Campsite: No official campsites.
We found a spot on the valley floor that seemed sheltered from the wind. When choosing a campsite at Grasslands, be sure to take wind direction and erosion channels into account. Water travels quickly across the surface of the badlands, and in the rain the bentonite clay layers become a sticky mess!
Day 2: Hiking Out of Badlands Back to Rock Creek Campground (6.5 km)
6.5 km back to
We woke up early and quickly packed up camp. The wind had changed direction overnight, making our night in the tent very noisy. We hiked to a new sheltered area and huddled out of the wind while cooking a breakfast of scrambled eggs and tea. After breakfast, we took off for the car. We followed a cattle trail on the edge of the badlands while trending to the north. We crested a rise and watched as the park office, tipis and OTentiks came into view. The distant ‘settlement’ reminded me of scenes from an old western movie. We were back at the car by 11:00 am and immediately dove into the bags of chips that had been stashed there. We took off on a slightly different route back to Regina to get one more view of the vast southern prairie.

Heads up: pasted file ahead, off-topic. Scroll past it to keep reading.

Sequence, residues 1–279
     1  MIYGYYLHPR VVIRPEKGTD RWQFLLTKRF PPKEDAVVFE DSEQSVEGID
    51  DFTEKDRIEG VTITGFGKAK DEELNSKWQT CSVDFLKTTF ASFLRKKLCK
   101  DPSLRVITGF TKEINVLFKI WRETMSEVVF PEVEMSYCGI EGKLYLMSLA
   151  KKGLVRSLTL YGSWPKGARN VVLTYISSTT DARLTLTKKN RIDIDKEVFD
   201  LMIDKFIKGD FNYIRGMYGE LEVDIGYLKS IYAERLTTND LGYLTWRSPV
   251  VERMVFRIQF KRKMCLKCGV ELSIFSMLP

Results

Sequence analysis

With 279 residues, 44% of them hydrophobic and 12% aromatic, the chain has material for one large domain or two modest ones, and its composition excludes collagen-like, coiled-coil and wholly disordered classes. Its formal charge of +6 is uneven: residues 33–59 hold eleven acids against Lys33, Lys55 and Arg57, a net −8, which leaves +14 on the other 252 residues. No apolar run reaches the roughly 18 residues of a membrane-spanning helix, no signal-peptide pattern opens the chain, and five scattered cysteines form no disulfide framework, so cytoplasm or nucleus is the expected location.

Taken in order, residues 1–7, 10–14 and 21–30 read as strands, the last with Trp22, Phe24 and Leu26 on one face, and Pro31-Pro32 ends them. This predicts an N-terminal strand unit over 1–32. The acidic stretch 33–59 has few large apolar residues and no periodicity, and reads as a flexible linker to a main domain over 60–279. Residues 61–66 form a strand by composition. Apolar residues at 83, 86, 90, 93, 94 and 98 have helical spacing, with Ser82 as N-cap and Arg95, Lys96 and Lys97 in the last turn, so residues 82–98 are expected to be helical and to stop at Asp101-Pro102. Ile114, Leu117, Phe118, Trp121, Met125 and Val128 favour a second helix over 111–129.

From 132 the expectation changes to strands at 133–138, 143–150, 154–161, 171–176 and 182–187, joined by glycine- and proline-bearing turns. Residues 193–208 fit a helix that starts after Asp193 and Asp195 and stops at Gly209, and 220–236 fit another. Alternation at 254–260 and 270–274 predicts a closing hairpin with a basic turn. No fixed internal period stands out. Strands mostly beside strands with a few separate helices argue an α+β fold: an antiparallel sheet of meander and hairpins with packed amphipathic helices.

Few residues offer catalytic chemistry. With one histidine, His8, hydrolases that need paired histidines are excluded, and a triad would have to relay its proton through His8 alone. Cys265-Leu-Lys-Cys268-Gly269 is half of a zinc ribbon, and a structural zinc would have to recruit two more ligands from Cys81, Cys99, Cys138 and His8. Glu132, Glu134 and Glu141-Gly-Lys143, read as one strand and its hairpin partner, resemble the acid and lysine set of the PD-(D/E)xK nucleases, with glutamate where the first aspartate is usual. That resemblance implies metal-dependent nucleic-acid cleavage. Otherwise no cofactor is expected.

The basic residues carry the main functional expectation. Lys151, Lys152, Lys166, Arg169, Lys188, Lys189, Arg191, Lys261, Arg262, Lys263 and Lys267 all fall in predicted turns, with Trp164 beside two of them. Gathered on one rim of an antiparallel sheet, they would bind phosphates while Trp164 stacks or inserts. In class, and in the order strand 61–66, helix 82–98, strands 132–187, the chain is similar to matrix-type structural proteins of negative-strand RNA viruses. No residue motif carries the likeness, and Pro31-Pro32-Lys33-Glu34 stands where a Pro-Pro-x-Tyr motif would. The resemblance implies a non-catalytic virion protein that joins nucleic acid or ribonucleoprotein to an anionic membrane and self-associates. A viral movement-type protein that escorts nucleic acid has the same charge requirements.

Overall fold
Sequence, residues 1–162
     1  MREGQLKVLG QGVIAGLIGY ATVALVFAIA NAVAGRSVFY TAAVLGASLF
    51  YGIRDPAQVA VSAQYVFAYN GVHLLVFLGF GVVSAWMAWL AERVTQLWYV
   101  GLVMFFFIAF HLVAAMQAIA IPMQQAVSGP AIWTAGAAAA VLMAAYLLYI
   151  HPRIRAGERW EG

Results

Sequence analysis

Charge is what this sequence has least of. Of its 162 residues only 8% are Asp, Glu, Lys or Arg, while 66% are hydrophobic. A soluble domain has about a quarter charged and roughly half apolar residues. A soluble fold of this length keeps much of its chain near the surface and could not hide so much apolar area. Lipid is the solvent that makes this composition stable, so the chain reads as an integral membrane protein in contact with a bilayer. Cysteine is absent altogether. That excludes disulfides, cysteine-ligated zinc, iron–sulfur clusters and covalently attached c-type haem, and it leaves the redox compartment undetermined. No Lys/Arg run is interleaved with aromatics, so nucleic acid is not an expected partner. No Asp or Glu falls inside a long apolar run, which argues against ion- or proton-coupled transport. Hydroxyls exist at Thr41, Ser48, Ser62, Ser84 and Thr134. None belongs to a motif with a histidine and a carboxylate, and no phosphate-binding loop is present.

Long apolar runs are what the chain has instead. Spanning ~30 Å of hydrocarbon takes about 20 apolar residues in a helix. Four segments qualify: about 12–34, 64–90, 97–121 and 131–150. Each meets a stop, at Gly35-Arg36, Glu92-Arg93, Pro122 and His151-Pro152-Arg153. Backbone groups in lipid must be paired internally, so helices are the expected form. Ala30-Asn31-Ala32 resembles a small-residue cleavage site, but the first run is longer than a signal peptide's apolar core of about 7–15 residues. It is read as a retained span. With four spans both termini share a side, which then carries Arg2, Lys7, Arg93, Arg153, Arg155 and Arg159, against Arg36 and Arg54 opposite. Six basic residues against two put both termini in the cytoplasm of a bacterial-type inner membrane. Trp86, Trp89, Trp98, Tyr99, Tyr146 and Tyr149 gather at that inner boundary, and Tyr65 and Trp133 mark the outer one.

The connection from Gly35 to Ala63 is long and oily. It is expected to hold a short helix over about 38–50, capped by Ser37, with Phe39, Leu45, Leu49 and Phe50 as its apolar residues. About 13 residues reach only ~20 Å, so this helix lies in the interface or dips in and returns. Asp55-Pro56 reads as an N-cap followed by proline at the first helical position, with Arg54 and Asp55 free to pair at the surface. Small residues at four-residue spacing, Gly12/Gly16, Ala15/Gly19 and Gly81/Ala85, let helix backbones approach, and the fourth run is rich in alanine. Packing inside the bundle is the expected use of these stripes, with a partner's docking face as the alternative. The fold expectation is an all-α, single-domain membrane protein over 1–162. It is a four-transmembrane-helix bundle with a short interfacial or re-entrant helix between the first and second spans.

Every time I go to Grasslands it renews my love of Saskatchewan and the prairies. Despite the wind and cold April weather, I loved this trip. The badlands were drier than expected, and the cooler weather was great for hiking. Doing this trip in the shoulder season also meant that we had the whole park for ourselves!
This is a wilderness area without official trails. Cell phone service is very limited. Backcountry users should be familiar with line-of-sight navigation and have a strong sense of direction. Using a GPS is highly recommended.
Water in the park is not safe to drink, even when filtered (due to the presence of heavy metals). The park sometimes provides a water cache in the summer, but users should be prepared to carry water for the duration of the trip.
Due to dry conditions and the susceptibility of the area to grass fires, campfires are not allowed and camp stoves are sometimes banned in the driest seasons.
Hey! I’m Liam! I am passionate about paddling and hiking, and have guided paddling trips in Manitoba and in Algonquin Provincial Park. My favourite river is the Bloodvein in Manitoba, followed closely by the Manigotagan. When I’m not paddling I work as a geologist.